Folia Geobotanica

, Volume 45, Issue 4, pp 407–424 | Cite as

Interactions of the Hemiparasitic Species Rhinanthus minor with its Host Plant Community at Two Nutrient Levels

Article

Abstract

For root hemiparasites, host plants are both the source of water and nutrients below-ground, but competitors for light above-ground. Hemiparasites can reduce host biomass, and in this way considerably affect the whole plant community. To investigate these effects, we carried out two experiments in an oligotrophic meadow with a native population of Rhinanthus minor. In the first experiment, removal of R. minor was combined with fertilization in a factorial design, and in the second one, we manipulated R. minor density by thinning. The presence of R. minor decreased the biomass of its host community, mostly by suppressing grasses. In this way, the species was able to counterbalance the effect of fertilization, which increased community biomass and in particular that of grasses. Neither the presence of R. minor nor fertilization affected the total number of species or the Shannon-Wiener diversity index (H’) of the host community. However, H’ of grasses was higher and H’ of forbs (non-leguminous dicots) was lower in the presence of R. minor. Reduction of grasses by R. minor favored mainly the dominant forb Plantago lanceolata, which partly acquired the role of a competitive dominant. Effects of R. minor on community diversity seem to be highly dependent on the relative sensitivities of dominant and subordinate species. Fertilization increased the mortality of seedlings, resulting in a lower number of flowering plants. However, surviving individuals on average produced more flowers. Thinning resulted in lower mortality of R. minor plants. This indicates that intraspecific competition in R. minor populations results in negative density dependence.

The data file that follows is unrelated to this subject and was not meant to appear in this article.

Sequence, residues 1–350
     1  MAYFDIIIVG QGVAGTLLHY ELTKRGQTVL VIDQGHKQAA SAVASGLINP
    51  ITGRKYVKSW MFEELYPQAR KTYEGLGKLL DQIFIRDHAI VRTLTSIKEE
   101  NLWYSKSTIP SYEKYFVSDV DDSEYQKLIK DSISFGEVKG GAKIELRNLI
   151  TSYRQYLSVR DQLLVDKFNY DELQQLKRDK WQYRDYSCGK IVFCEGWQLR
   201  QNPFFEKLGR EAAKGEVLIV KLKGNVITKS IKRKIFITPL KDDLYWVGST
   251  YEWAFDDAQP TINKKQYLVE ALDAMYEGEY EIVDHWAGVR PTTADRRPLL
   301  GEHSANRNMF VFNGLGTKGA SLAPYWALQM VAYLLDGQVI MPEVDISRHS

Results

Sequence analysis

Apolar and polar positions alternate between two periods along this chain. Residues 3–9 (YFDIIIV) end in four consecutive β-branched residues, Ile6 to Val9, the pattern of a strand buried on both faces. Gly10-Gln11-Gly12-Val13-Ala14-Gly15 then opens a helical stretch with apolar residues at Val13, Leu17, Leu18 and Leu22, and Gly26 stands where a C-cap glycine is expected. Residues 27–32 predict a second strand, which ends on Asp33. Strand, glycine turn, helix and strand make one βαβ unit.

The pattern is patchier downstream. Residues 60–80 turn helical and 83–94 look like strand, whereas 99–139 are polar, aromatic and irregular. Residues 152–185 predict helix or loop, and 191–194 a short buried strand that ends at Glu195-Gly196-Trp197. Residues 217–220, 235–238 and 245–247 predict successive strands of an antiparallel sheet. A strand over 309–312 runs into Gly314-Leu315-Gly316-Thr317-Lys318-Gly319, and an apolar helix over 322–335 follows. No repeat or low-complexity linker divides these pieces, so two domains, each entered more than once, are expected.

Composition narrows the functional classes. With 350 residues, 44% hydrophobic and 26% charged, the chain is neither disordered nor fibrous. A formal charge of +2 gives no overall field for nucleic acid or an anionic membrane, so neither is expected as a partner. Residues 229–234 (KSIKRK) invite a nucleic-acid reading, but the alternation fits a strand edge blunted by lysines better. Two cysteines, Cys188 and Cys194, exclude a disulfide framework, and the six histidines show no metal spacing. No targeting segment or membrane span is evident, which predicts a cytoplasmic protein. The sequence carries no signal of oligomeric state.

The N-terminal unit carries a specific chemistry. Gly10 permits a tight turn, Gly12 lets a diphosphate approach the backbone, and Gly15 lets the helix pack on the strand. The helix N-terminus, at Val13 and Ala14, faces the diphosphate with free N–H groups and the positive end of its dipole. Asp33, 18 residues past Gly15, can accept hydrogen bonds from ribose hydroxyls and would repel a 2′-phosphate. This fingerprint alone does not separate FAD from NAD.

Keywords

Community structure Competition Density dependence Manipulative experiment Root hemiparasite Species diversity 

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Copyright information

© Institute of Botany, Academy of Sciences of the Czech Republic 2010

Authors and Affiliations

  1. 1.Department of Botany, Faculty of ScienceUniversity of South BohemiaČeské BudějoviceCzech Republic
  2. 2.Section of Plant Ecology, Institute of BotanyAcademy of Sciences of the Czech RepublicTřeboňCzech Republic
  3. 3.Institute of Entomology, Biology CenterAcademy of Sciences of the Czech RepublicČeské BudějoviceCzech Republic
  4. 4.Institute of Soil Biology, Biology CenterAcademy of Sciences of the Czech RepublicČeské BudějoviceCzech Republic

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